“Despite the higher value and volumes, exports this year are still far from the commitments made in the agreement. In fact, it looks increasingly unlikely that the targets will be met by the end of the year. However, even if the agreement’s targets are not met, the higher exports from the US to China have added volumes and important tonne-mile demand to a struggling oil tanker shipping industry while also boosting the strong dry bulk market,” says Peter Sand, BIMCO’s Chief Shipping Analyst.
In the first seven months of this year exports of the goods in the Phase, One Agreement has reached 21.3% of the commitments made for the full year. Just as in 2020 the agricultural goods have come the closest to meeting their goal, though at 30.4% they are still far from the target.
Tariffs have capped growth in imports from China
While exports have benefitted from the Phase One Agreement, US imports from China continue to face higher tariffs with containerized goods affected the most. Comparing the first seven months of 2021 with the first seven months of 2020, the tariffs have left China with a much lower growth rate than other countries in the region.
During the first seven months of this year, strong growth has been recorded in containerized imports by the US from the region, as evidenced by the congestion on the Transpacific trade, but the tariffs have left China with a much lower growth rate than its neighbors.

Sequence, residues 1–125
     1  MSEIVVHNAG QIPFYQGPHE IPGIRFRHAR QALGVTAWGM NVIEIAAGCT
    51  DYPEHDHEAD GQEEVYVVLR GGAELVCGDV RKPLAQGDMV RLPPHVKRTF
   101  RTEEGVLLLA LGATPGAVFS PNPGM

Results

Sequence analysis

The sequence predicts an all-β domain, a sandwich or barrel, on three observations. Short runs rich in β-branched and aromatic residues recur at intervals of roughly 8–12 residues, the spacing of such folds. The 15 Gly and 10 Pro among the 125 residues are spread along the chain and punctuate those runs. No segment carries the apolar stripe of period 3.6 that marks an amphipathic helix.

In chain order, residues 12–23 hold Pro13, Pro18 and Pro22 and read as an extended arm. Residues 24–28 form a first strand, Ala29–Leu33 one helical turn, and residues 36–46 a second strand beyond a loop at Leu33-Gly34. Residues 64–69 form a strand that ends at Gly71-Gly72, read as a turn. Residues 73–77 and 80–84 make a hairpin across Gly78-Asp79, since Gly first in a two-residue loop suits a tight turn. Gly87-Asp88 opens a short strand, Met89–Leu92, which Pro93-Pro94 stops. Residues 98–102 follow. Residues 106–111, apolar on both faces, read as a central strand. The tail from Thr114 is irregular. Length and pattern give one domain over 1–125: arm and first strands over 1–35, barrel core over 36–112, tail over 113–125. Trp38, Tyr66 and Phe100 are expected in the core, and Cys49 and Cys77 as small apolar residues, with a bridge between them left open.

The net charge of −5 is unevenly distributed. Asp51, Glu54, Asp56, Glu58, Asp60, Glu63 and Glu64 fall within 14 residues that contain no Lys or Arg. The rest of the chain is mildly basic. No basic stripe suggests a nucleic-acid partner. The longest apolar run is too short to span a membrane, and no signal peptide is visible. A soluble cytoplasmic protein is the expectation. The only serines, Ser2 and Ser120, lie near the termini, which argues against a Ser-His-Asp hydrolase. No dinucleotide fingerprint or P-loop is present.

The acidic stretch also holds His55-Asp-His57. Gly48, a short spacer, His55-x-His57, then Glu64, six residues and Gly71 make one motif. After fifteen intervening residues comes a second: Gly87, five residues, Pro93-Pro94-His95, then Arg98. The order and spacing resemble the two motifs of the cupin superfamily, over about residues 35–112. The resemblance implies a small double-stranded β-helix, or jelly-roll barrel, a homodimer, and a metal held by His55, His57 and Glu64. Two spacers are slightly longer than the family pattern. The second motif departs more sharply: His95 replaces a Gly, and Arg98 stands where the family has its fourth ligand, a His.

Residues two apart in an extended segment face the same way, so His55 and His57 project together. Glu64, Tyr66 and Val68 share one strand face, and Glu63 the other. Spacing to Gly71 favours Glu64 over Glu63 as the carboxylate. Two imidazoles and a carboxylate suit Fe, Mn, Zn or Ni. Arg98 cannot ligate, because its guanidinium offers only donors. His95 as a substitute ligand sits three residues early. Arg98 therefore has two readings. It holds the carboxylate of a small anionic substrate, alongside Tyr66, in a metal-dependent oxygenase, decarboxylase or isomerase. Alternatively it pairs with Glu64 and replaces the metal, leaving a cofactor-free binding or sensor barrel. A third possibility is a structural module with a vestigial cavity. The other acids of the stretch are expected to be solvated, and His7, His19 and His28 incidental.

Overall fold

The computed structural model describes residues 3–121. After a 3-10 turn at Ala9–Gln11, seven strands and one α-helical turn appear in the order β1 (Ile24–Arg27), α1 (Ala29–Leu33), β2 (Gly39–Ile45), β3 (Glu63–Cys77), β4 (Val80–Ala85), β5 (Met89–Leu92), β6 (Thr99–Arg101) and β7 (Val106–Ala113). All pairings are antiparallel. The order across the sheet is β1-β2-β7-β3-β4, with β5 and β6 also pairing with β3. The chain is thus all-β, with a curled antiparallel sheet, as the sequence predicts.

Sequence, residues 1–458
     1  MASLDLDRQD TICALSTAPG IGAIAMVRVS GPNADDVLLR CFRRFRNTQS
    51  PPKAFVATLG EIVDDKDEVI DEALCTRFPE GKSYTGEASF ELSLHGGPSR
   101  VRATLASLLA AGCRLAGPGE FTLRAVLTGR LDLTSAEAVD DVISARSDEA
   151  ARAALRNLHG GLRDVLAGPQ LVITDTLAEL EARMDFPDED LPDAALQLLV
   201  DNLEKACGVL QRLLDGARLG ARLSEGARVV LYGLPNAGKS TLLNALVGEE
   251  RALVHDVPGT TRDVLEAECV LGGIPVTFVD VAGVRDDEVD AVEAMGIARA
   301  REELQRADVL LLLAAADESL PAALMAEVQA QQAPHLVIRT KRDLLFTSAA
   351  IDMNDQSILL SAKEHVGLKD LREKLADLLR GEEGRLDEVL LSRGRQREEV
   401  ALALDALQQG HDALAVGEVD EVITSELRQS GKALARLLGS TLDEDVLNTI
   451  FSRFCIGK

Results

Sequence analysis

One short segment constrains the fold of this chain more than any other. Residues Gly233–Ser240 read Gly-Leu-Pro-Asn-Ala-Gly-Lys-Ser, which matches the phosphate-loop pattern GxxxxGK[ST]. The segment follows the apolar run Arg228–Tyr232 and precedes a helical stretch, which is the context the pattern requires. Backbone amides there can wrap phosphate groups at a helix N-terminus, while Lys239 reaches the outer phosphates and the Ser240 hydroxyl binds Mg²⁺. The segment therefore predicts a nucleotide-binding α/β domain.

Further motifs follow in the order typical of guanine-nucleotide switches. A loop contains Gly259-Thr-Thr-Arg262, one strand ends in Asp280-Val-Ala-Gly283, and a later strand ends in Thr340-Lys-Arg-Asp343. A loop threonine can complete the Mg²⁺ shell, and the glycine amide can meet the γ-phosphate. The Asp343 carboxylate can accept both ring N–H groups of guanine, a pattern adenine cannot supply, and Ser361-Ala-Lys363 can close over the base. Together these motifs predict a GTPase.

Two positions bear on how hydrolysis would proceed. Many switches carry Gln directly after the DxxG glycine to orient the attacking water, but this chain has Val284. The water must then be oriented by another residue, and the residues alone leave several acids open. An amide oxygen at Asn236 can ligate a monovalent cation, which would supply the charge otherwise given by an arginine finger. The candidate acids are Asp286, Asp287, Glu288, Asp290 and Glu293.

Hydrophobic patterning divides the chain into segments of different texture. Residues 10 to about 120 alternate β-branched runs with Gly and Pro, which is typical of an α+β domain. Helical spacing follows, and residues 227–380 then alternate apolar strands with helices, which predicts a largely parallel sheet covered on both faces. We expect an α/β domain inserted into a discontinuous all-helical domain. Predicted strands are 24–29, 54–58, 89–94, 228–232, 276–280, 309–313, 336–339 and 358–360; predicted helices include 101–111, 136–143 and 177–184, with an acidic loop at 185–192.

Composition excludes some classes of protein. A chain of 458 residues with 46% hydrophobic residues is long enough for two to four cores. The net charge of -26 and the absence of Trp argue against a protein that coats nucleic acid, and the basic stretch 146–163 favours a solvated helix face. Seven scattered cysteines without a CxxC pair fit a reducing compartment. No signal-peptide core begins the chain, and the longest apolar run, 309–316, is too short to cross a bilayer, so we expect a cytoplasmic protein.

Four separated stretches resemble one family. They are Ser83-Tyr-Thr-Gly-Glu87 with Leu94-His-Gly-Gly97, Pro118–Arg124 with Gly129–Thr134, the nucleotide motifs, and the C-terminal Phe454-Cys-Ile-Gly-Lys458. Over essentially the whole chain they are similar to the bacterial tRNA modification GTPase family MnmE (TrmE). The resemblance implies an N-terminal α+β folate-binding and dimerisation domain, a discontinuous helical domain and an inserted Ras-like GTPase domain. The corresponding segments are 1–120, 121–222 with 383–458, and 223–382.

Containerized imports by the Far East and Southeast Asian countries have risen by 18.3% between the first seven months of 2017 and the same period this year, reaching 63.3 million tonnes. In contrast, China’s imports stand at only 2.8% growth compared to 2017, rising by just under 1 million tonnes to 36.1m. Volumes from the other countries in the region have grown much faster, up 48.5%, which at 27.3 million tonnes is however still overshadowed by China.
Compared to the first seven months of last year, growth is much more evenly distributed between China and the other countries in the region, with total containerized volumes up 26.7%, following the large drop in imports at the start of last year. In this period, China has recorded a growth of 29.6% compared to a growth of 23.1% from the other countries in the region.
The strongest growth comes from Cambodia, Burma, and Vietnam, with the latter solidifying its second spot behind China. The US has imported 7.3m tonnes of containerized goods from Vietnam so far this year.
“Even before the pandemic induced to talk of supply chain resiliency, US importers had been adapting to the changing geopolitical situation, with China’s neighbors, rather than US manufacturers, emerging as the biggest winners. There are however still huge volumes of goods being imported from China despite the higher tariffs being applied, paid for by US consumers. While originally these may have avoided being passed on to consumers, this may now be inevitable as higher supply chain costs squeeze margins even further,” says Sand.